You say " The judicial branch failed to prevent these two referendums from being voted on, and is therefore guilty of violating the state constitution." No, courts do not have jurisdiction (power) to interfere with elections unless someone brings a lawsuit before them arguing for some specific relief. Since there apparently was not, or is not now, any such suit the judicial branch did not violate the constitution in any way. It was, in fact following the constitution by refusing to exceed its jurisdiction.
Now as far as your theory that refusing to allow gays to marry is an interference with their freedom of religion (the 1st Amendment religious freedoms are 2: the freedom to practice your religion, whatever it may be, and the freedom from being required to follow a state sponsored religion) and so unconstitutional, this could be an interesting idea but it would have only a limited reach because it could only affect those gay citizens who belong to a religion which sanctions gay marriage. There are one or two, I believe, but I hardly think its a good idea to ask all the gays in Washington state to join those religions just to secure the right to marry. The right to marry should be broadly available to everyone, not just those who belong to a specific religion.
The other half of your religion claim, i.e., state officials are establishing a state religion which prevents gays from marrying and forcing it on them, seems also untenable because, while there are unquestionably religions supporting restrictions on gay marriage, these restrictions are not being instituted by any government or any religion but through referendum, i.e., a vote of the people. If these restrictions do pass in November, then there will no doubt be a court challenge to them based on substantive Due Process, that is, the U.S. Supreme Court has declared a fundamental right to marry and so the argument is it should extend to all.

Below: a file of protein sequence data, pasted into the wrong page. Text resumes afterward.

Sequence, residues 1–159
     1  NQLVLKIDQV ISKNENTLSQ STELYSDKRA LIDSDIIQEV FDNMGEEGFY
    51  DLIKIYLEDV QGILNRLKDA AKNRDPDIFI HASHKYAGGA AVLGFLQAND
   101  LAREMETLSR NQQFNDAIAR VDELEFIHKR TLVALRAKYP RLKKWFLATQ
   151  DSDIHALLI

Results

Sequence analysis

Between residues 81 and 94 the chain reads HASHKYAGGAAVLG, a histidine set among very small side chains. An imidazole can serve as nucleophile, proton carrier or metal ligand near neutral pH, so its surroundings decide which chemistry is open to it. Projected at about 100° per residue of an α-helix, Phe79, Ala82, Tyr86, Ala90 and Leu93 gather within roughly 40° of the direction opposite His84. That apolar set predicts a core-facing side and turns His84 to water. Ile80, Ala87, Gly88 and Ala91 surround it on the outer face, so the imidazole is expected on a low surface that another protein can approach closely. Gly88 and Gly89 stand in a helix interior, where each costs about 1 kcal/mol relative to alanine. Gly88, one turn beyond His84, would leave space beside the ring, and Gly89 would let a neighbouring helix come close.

So I don't think much of the present legal theory behind your suit.
But, you are of course free to try to sell your theory to the courts, so you need to consult with counsel in your state with experience in civil rights cases. You can find such counsel right here on Avvo by clicking on Find a Lawyer at the top of this page. If you cannot afford a lawyer, this will be a problem and you will have to form a group or join a group to raise money
for your lawsuit.
Cal. Bar No. 104800
Wis. Bar No. 1020123
Member: U.S. Supreme Court Bar
I do not believe you've a case, for reasons well stated by attorney Provis.
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